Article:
I always look forward to short-handed tournaments, because play tends to be fast and furious with fewer players at the table ... and generally players tend to play even faster than they need to in these tournaments.
My starting table was nothing short of my expectations. Most pots were raised and many were three-bet pre-flop, and several went to showdown.
There was only one familiar face at the table, Richard "knucklehead" Friere, an Atlantic City regular.
Unfortunately, the $3k starting stacks in the $1,500 events mean that you need to be very cautious about the spots you choose to commit more than a few big blinds to the pot ... even in the first couple of levels.
I spent the first two hours playing a ton of small, insignificant pots. I was precisely even at $3k during the third level when the following hand came up.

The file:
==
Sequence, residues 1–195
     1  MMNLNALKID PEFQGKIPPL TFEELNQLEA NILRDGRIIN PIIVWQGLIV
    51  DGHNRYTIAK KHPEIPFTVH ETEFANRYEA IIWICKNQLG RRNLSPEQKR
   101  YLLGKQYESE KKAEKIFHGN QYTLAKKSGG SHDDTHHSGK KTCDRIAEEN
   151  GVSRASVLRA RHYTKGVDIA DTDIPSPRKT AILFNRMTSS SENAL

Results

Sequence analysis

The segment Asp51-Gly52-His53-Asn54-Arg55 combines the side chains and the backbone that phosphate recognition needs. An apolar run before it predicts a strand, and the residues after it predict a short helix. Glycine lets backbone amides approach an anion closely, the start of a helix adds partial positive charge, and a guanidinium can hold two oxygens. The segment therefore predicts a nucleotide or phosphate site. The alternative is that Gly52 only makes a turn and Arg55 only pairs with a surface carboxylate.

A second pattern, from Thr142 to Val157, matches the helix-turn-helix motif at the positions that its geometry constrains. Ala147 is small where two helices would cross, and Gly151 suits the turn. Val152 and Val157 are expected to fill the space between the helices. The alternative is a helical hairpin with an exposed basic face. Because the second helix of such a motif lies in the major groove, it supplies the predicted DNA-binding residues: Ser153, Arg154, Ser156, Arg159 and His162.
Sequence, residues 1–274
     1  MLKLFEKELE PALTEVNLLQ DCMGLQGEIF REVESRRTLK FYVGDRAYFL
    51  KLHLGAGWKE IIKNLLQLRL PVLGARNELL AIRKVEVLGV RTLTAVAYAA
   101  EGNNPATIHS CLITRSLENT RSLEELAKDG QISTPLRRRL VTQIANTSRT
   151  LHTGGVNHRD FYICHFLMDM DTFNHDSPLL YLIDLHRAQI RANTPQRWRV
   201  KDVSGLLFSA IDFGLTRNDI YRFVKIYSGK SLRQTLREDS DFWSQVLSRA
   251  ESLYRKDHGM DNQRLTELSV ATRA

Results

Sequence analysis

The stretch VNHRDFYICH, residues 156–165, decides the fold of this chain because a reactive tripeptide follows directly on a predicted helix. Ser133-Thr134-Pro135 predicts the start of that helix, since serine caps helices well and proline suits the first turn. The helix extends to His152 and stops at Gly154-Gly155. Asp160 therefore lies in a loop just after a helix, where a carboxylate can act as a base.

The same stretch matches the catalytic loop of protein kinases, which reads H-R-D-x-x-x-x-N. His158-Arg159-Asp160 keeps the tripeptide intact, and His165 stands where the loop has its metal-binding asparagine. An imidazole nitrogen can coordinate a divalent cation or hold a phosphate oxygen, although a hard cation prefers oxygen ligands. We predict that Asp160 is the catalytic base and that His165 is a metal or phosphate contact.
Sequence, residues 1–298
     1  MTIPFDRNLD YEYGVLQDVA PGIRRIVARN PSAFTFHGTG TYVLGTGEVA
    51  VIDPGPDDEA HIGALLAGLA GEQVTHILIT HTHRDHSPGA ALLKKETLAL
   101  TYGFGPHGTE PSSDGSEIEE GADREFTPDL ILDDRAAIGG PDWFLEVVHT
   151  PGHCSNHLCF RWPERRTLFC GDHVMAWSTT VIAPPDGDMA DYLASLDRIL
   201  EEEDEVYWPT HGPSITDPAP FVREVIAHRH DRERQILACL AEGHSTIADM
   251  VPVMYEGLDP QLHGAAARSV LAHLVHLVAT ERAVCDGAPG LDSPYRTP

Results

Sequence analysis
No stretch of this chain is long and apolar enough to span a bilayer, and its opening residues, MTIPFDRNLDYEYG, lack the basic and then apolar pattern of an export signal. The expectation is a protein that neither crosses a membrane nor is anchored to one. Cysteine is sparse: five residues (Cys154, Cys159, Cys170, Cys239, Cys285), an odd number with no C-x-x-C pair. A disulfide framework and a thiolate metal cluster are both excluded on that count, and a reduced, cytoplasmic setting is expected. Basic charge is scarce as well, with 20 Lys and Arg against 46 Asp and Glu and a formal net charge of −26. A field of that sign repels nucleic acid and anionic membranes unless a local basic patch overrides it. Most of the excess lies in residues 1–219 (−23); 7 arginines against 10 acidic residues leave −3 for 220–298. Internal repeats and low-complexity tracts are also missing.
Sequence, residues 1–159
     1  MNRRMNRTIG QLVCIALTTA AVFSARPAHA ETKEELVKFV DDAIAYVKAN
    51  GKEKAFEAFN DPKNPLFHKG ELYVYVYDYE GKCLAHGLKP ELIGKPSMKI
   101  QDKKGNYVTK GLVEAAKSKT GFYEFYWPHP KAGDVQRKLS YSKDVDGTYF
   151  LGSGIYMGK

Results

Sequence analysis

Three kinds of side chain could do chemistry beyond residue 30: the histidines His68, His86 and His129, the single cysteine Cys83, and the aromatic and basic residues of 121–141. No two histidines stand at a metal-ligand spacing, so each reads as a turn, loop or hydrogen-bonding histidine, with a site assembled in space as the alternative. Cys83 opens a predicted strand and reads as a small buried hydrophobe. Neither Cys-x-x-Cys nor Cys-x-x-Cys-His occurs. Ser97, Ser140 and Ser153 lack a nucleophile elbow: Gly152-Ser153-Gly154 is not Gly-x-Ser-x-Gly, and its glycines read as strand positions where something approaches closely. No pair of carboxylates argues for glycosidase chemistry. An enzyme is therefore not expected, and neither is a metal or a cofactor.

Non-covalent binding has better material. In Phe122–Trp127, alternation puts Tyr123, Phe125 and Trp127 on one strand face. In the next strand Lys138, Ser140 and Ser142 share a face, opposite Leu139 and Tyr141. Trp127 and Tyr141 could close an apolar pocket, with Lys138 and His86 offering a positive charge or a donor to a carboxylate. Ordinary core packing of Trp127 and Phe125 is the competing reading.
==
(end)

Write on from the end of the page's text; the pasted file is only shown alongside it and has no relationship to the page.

Six-handed, with the blinds at $100/$200 (no ante), I found A♦ Q♦ under the gun.
I had a pretty solid image at the table, so I decided that raising would likely cause almost all weaker hands to fold. I had been limping into a decent amount of pots, so I also felt that limping in would not cause my opponents to be too suspicious.
Finally, as mentioned, most pots were raised before the flop at this point. For all of these reasons, I decided to limp in with the intention of moving in if anyone raised behind me.
I'd like to note that I rarely make this type of play, and almost never do it with a hand as weak as A-Q. However, you always must Matt Stout: